Malama Ko Aloha
A personal and family portrait
Collaboration: Ken Kennell, Bob Getzen, Kaleo Padilla
Oil on apple plywood cubes
Brass, mirror and glass pedestal
This three dimensional interactive painting is composed of eight 12” cubes that comprise a “master” cube that is two feet dimensionally. Around the six sides of the master cube are six portraits of Keola, in muted semi-monochromatic colors, (with the exception of the side with images from the most recent sitting), these date from the seventies to the present. As you rotate these cubes there are an additional 18 portraits of Keola that are revealed on these same six sides. As the cube is manipulated to arrange the portraits on the outside, images begin to emerge that invite the viewer to explore and re-arrange the cubes to reveal imagery of six generations of Beamer ancestors and living family, rendered in vivid full colors. There are of 41 different paintings, in total featuring 50 images of Keola and family.
Born into a legacy of Hawaiian culture through Music, in a family, whose roots recall at least 500 years of life in Hawaii, our subject, Keola Maikalani Breckenridge Beamer has accepted the challenge and has continued to craft and express the kuliana passed on to him by his Kupuna, by living Malama Ko Aloha, or, to spread of the spirit of aloha. This painting attempts to honor, not only Keola, truly, a living treasure, but to also pay respect to his Kupuna and family, spanning six generations. Here are images from sittings with Keola in 2005 and 2011 as well as ancestorial images gleaned from the family photo archives, to sincerely present a picture of the total man. Included in this family portrait, are Great-great Grandmother, Isabella Hale’ala Ka’ili Miller Desha; Charles Francis Ho’olulu Siemson, Keola’s biological Great Grandfather who died young from tuberculosis; Great grandmother Helen Desha Beamer, composer of a songbook of Hawaiian classics, and her husband, Peter Carl Beamer; Grandmother and Grandfather, Louise Leiomalama Walker Beamer and Francis Keali’iho’opono Beamer, or Dambie and Papa Beamer, popular performers, singers and dancers; Uncle Cleighton Keola Beamer, a dancer, singer and performer; Winona Kapuailohiamanonokalani Desha Beamer, or Auntie Nona as all knew her, a noted chanter, composer, author, dancer and powerful advocate for Hawaiian Culture;Victoria Moanalani Beamer, beloved wife and Kumu Hula; Keola’s brother, Brenton Kaponomalamalani Beamer, the other half of the musical duo, early in Keola’s career, when they were “Hawaii’s youngest legends” ; Nephew Brenton Kamanamaikalani Beamer and his wife and their daughter, Laua’e Polinahe Murphy Beamer and Halialoha Kawahinekapuanolani Kapuailohiamanonokalani Leipuanaala Beamer.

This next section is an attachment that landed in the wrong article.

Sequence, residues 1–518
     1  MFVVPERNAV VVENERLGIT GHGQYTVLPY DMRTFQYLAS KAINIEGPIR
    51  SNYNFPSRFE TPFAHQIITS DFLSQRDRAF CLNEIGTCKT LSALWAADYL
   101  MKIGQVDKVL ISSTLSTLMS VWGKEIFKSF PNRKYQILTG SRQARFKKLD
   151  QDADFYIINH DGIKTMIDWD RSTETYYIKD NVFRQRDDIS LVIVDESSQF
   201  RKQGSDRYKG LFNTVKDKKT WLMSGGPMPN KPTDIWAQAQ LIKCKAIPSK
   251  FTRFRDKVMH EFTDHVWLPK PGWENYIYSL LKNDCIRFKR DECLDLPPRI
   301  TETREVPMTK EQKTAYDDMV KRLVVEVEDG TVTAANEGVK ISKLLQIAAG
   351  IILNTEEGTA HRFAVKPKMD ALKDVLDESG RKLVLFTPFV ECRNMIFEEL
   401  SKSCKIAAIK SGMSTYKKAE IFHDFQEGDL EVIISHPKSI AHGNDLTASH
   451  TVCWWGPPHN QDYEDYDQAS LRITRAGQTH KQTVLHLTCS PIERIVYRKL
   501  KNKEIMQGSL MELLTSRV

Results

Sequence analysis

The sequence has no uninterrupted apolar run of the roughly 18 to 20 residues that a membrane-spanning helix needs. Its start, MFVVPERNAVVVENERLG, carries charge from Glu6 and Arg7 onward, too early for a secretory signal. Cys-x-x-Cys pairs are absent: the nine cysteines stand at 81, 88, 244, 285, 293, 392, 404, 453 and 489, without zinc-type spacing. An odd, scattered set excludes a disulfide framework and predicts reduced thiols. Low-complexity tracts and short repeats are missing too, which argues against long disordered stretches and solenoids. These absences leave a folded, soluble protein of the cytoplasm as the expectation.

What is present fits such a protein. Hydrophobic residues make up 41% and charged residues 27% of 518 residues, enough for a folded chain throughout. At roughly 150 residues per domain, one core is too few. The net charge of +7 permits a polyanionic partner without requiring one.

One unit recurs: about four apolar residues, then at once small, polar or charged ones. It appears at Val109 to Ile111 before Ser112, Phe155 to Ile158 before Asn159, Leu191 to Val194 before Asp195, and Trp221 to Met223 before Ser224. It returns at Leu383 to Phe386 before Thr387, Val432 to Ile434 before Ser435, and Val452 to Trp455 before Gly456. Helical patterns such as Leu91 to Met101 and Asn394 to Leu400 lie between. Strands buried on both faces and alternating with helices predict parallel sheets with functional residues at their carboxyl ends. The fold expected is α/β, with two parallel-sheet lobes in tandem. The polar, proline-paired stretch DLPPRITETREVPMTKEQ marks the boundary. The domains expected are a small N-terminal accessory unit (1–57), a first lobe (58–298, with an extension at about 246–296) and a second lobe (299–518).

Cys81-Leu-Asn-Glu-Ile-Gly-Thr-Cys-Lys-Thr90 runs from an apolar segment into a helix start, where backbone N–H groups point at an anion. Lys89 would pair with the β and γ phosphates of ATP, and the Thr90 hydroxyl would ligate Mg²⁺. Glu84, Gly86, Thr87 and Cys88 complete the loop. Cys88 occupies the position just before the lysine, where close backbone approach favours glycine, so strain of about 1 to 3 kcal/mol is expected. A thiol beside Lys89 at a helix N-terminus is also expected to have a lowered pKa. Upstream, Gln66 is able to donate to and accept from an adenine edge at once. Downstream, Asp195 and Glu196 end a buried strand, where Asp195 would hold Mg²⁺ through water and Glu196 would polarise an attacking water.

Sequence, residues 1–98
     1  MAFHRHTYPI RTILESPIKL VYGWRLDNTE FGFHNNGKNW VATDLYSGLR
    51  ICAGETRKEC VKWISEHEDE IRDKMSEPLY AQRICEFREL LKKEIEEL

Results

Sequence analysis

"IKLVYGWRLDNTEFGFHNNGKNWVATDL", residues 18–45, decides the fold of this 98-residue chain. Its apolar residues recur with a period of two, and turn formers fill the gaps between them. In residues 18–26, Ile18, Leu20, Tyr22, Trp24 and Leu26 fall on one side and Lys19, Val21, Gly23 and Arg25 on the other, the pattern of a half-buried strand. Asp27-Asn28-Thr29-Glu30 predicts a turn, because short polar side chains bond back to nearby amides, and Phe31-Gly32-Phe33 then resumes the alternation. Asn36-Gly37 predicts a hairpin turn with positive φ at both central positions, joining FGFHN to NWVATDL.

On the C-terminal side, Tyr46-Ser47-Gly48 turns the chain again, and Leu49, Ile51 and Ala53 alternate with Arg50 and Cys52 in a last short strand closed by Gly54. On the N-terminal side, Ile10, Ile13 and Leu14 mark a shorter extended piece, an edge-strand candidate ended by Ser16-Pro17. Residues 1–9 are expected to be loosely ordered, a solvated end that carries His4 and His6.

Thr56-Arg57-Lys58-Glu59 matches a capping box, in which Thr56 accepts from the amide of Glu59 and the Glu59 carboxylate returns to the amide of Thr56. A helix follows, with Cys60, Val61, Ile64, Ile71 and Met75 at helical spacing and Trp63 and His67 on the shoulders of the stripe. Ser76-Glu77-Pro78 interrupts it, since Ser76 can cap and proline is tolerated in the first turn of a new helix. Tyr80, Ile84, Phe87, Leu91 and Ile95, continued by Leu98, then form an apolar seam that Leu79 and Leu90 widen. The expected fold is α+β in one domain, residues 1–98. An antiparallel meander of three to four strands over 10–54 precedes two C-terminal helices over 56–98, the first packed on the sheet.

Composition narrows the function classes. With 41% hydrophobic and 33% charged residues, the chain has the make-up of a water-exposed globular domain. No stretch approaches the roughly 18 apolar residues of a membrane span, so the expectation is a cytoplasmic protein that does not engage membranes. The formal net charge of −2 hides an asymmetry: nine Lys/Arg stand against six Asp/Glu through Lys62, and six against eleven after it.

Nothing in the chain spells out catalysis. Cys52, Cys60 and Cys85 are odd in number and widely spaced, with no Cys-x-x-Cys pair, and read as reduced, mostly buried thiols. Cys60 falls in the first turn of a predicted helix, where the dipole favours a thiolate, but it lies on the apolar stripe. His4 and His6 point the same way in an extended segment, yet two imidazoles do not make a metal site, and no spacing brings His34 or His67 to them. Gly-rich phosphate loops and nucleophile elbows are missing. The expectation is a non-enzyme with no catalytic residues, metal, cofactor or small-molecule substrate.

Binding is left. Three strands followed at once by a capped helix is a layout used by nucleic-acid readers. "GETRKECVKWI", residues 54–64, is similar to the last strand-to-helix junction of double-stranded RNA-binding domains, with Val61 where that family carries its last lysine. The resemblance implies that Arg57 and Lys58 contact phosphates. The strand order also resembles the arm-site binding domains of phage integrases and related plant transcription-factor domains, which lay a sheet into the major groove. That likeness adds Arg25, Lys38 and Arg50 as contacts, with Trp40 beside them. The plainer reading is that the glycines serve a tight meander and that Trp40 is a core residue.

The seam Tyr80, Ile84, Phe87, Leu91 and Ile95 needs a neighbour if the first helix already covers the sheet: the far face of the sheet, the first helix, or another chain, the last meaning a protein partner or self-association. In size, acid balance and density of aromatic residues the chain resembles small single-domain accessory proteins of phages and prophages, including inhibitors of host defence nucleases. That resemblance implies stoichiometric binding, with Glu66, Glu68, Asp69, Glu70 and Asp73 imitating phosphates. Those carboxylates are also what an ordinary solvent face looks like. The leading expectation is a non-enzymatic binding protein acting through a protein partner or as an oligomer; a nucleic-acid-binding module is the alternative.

This Art piece, although, interactive, is not meant to be manipulated by the viewing public in an exhibition, but by the owner(s) in its final resting place.
Note: During construction of the cubes, a ti leaf was placed inside of each cube as well as a Hawaiian Olelo written in permanent pigment on the inside walls of each cube…
1. Ua ola loko I ke aloha
Love gives Life within
Love is imperative to ones mental and physical welfare.
2. Ua pa’a ka houpo
The Diaphragm is made firm
Hunger is gone and the stomach is filled.
3. Ua mau ke ea o ka aina i ka pono
The life of the Land is preserved in righteousness.
4. Ua ola no i ka pane a ke aloha.
There is life in kindly reply.
Though one may have no gift to offer a friend, a kind word or a friendly greeting is just as important.
5. Ua pae i kula
The work is all done.
6. Ua pa’i a pa’i ma ka hana.
Equals in working.
7. Na waimaka o ka lani.
The tears of heaven.
Rain at someone’s death or during his funeral is declared to be the affectionate tears of the gods, who weep in sympathy with the mourners.
8. I ulu no ka lala i ke kumu.
The branches grow because of the trunk.
Without our ancestors we would not be here.